Major cities and trade centers founded on these routes included Otrar (Farab), Taraz, Kulan, Yassy (Turkestan), Sauran, and Balasagun. The Great Silk Road not only stimulated the development of trade, it also became a conduit for progressive scientific and cultural ideas. For example, the great philosopher Al-Farabi (870-950) was greatly influenced by the culture of the trade routes. Born in the Farab district, Al-Farabi was dubbed in the East “the Second Teacher” after Aristotle for his profound researches in philosophy, astronomy, musical theory and mathematics.
The outstanding scholar of Turkic philology Mahmud Kashgari lived here in the 11th century. He created the three-volume “Dictionary of Turkic Dialects” which summed up Turkic folklore and literature heritages. In the 11th Century, Yusup Balasaguni of the town of Balasagun, a famous poet and philosopher, wrote “Kutaglu Bilig” (“A Knowledge that Brings Happiness”) which is recognized as having played an important role in the development of modern social, political and ethical conceptions. The Sufi poet Hodja Ahmet Yassaui, who lived in the 12th century, wrote a collection of poetic thoughts “Divan-i-Khikmet” (“Book of Wisdom”).
He is famous throughout the Muslim world. Part of the cultural legacy of that period is the elegant urban architecture. Examples such as the mausoleums of Arystan Baba, of the great Sufi Hodja Akhmet Yassaui in Turkestan and Aisha Bibi in Taraz are among the best preserved. Apart from this, the most ancient nomads of the region invented the “yurt”, a dome-shaped easily dismantled and portable house made from wood and felt, ideal for their nomadic life and beliefs. In 1221, Mongolian tribes of Genghis Khan conquered Central Asia and added their culture and values to the increasingly complex society of the region.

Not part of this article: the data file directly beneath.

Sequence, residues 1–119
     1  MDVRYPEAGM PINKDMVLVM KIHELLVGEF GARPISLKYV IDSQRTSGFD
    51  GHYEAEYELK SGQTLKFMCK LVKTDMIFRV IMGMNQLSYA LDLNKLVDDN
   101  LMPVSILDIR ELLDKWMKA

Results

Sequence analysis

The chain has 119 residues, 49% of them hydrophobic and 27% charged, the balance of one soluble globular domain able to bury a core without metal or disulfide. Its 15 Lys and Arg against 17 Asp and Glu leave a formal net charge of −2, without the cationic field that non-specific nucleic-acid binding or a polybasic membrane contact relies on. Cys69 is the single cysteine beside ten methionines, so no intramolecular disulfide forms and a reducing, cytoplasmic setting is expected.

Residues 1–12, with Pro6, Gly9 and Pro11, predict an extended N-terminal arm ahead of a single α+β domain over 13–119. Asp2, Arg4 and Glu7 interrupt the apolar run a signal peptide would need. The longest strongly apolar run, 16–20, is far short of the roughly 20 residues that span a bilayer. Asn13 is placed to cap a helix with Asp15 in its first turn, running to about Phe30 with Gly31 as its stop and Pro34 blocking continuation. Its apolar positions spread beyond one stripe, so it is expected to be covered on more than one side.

By the second half of the 15th Century a process of consolidation had begun among the peoples of the Central Asian steppe. This process, derived from the various ethnic and cultural identities, was drawn together by a common world view and lifestyle. The first Kazakh khanates emerged at this time. By the first half of the 16th Century, the formation of a single Kazakh nation was completed. The word “Kazakh” in the old Turkic language meant “free” or “independent” which perfectly fit the character of the people who had been long yearning for their own independent state.
In the 17th and 18th Centuries the nomadic Jungar tribes directed by the Chinese Bogdykhans started a large scale war against the Kazakh khanate. However, thanks to the courage of the “batyrs” (knights), the decisiveness of the Kazakh leader Ablai Khan, the diplomatic skills of the Kazakh ‘biys’ (sages) Tole Bi, Kazdausty Kazybek Bi, Aiteke Bi, and self sacrifice of the people, the Kazakhs escaped total capture and physical annihilation. The Kazakh khans were forced to seek the military protection of the Russian Empire, which eventually led to Kazakhstan’s loss of sovereignty in 1871. For a time, the fate of Kazakhstan was tied to the
European model of social development and the fate of the Russian State and its peoples. After the 1917 revolution Soviet power was established in Kazakhstan. Kazakhs suffered greatly under Soviet control. Due to the forced collectivization in the 1930s, hunger caused the death of 1. 5 million Kazakhs, which was more than 40 percent of the nation. Hundreds of thousands Kazakhs fled to China and elsewhere. The brightest and the best of the nation were repressed and often shot dead. The regime’s last gasp was the brutal repression of the Kazakh people on December 17, 1986 as they took to the streets seeking justice.
Many consider this the beginning of the end for the once mighty Soviet Union. Kazakhstan proclaimed its independence on December 16, 1991, and Nursultan Nazarbayev was democratically elected the first President of the country. Bibliography: Kiessling, Kerstin Lindahl. “Conference on the Aral Sea: Women, Children, Health and Environment. ” Ambio Vol. 27, No. 7 (November, 1998): 560-564. Weiner, Douglas. A Little Corner of Freedom: Russian Nature Protection from Stalin to Gorbachev. Berkeley, CA: University of California Press, 2002.